The Obama administration is unapologetic about its approach and points out that renewable energy generation has doubled to 174 terawatt-hours in the last four years.
"The president doesn't want to cede the renewable energy industry, and the jobs that come with it, to China and India," said Heather Zichal, a White House energy adviser.
Still, to some the debate sounds like a cacophony. "People are going on with their business, ignoring the campaign and will deal with whatever happens after the fall," Silver Bullet's Bachar said.
Reed Williams' goal was simple — drill a natural gas well on some acres his Denver-based wildcat company, WillSource Enterprises, leased in the White River National Forest, south of Silt.
"It had been an oil and gas area with at least 80 wells in the general area, but things changed," Williams said.
In the 17 years since Williams first sought to develop the area new environment regulations — such as the rule to limit new roads in pristine forests — came on the books.
A local environmental group — the Thompson Divide Coalition — formed to oppose drilling on the land.
WillSource was required to do a second environmental assessment to address concerns that had been raised.
Rules and environmental opposition have strangled efforts to develop the land and meet the lease conditions set by the federal Bureau of Land Management, Williams says.
The problem wasn't regulations, but that Williams ran into financial difficulties, said Peter Hart, an attorney with the Wilderness Workshop, citing BLM e-mails.
"And until the conservation community started looking into it, the BLM didn't do its job," Hart said.
On July 5, the BLM cut Williams drilling area by 75 percent to 2,100 acres for failure to meet his lease terms.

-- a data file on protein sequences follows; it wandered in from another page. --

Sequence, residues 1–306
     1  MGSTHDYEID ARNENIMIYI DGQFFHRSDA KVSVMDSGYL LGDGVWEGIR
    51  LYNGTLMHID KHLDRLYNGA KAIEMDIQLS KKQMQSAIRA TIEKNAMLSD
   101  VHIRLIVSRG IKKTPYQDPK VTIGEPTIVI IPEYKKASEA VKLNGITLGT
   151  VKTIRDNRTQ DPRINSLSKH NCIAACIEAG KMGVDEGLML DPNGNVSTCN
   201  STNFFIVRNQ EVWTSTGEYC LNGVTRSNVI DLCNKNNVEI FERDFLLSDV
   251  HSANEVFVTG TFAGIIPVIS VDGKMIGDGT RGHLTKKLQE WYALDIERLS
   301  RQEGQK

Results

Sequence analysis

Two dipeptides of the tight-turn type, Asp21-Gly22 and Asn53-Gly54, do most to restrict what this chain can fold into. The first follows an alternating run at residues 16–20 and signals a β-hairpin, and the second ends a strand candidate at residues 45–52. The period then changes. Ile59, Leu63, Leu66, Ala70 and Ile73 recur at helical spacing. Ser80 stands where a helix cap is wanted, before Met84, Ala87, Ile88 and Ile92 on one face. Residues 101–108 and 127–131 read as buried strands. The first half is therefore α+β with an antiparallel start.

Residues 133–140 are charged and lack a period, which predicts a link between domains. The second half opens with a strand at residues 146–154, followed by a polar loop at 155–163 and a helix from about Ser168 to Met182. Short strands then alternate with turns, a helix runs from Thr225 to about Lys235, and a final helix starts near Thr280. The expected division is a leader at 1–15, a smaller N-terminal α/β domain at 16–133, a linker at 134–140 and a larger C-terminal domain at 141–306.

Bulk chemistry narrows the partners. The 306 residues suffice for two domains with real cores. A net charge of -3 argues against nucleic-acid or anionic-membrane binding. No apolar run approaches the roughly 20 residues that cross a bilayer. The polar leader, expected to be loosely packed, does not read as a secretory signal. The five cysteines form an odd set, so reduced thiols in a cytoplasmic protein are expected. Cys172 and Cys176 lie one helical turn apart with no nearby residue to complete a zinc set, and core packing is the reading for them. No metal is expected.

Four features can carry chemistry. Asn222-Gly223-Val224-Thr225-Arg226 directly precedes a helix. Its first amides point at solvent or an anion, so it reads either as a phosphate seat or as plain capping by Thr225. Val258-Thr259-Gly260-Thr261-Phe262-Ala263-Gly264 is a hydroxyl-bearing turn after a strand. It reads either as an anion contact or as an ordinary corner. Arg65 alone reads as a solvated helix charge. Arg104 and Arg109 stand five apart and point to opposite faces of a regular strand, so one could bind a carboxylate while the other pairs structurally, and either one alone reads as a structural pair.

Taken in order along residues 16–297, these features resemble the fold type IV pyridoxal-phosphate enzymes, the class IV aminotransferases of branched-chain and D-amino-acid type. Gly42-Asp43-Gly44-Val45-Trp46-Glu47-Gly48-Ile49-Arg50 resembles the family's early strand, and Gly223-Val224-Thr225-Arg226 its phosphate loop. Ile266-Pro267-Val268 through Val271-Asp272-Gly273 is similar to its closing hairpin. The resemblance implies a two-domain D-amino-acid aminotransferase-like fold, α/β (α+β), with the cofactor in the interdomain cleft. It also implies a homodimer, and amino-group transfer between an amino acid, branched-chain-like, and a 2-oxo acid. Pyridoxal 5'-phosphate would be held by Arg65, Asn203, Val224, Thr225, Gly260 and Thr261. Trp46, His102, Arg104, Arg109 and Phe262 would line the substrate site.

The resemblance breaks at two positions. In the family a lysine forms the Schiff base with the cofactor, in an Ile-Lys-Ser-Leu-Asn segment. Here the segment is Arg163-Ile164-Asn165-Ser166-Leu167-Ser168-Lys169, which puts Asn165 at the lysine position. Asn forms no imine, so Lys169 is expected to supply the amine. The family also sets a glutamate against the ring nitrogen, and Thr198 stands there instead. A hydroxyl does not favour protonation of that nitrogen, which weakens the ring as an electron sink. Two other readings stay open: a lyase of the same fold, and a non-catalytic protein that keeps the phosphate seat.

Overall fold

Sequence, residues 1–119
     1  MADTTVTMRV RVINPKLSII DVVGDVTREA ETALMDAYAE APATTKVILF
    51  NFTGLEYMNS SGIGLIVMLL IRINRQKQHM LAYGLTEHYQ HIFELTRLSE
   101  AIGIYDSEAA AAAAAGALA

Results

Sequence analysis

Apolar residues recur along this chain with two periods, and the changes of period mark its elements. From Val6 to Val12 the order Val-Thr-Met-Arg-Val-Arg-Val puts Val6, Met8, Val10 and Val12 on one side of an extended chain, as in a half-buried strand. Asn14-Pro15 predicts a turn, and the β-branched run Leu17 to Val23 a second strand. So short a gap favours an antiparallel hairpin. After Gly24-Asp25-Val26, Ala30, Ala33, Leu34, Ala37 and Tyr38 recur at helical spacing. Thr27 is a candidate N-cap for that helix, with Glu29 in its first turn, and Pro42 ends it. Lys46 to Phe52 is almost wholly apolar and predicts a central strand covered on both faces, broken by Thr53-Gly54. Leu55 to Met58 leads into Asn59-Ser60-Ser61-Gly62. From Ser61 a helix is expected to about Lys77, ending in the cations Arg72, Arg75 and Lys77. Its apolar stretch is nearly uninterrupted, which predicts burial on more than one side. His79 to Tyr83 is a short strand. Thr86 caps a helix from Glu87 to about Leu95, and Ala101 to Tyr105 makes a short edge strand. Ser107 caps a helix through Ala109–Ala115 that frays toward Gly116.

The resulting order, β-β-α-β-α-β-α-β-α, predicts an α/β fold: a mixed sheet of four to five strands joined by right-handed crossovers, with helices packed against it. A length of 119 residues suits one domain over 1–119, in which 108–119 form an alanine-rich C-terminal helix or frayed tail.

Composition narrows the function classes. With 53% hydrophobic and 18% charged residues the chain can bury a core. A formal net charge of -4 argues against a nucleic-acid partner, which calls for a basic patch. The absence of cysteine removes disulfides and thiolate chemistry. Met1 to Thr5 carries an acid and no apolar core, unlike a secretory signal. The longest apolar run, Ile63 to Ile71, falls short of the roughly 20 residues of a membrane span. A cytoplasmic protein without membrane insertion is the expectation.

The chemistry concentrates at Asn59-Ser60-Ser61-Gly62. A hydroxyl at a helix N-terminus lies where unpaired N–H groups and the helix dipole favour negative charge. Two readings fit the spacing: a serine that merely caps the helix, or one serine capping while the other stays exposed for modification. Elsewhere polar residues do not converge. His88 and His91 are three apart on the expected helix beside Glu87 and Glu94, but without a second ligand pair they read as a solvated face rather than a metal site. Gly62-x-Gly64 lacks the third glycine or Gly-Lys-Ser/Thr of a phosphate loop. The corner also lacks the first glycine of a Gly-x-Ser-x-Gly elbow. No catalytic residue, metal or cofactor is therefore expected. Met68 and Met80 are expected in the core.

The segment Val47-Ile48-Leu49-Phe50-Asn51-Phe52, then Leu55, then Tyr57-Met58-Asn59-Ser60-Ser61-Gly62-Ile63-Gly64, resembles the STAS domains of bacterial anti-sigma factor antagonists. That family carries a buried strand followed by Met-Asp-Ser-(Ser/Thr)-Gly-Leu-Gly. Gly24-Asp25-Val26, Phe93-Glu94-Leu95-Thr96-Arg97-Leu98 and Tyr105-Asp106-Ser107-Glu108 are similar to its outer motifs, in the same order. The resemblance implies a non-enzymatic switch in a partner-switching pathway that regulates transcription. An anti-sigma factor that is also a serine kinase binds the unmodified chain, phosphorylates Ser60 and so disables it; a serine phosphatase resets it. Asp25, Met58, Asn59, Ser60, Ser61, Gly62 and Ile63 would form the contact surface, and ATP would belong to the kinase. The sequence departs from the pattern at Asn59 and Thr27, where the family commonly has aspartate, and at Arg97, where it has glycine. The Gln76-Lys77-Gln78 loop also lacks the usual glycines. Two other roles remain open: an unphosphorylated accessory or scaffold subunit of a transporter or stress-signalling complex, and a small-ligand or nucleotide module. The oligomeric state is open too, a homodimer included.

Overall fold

The story, oil and gas industry executives say, is common across the West as regulations have increased and opposition to leasing has been fierce.
They point to a 62 percent decline in leases sold in the West in last three years — although there was also a 68 percent drop in the price of natural gas between the time Obama took office and April.
Hangover of leasesObama administration officials and environmental groups say they are dealing with a hangover of leases and permits hastily issued in the last days of President George W. Bush's administration.
"We are going to take a look at all the midnight actions of the Bush administration and see what needs to be changed," former Colorado Sen. Ken Salazar said when taking over as secretary of the Department of Interior.
At that point, 74 percent of all the leases issued by BLM in the West faced administrative or legal challenges by environmental groups.
For example, about 35,000 acres of leases on Garfield County's iconic Roan Plateau were tied up in court for 46 months before a judge sent the plan back to the BLM to be redone.
"Public lands aren't just for oil and gas drilling," said Nada Culver, a senior attorney with the Wilderness Society, a conservation group.
The Obama administration put in place new leasing rules it said would increase transparency and reduce challenges. The change has tripled the time for getting a lease to a year and a half, said Kathleen Sgamma, a vice president at the trade group Western Energy Alliance.
But the number of protests once a driller got a lease dropped in 2011 to 10 percent — showing that the reforms are working, said the Wilderness Society's Culver.
Obama and Romney take very different approaches to the problems Williams, Sgamma, Culver and Hart see.
"We have to accesses our resources, but instead people have seen a sharp decline in leasing due to byzantine regulations," said Romney adviser Cass.
Romney would "streamline" leasing and permits, create one-stop shopping for permits "in an environmentally responsible manner," Cass said.
The Obama administration holds that the leasing reforms are working — and oil and gas production on federal land are up 13 percent in the last three years, said the White House's Zichal.
"We are continuing to look at developing new areas onshore and offshore, though there are some areas that should be set aside," Zichal said.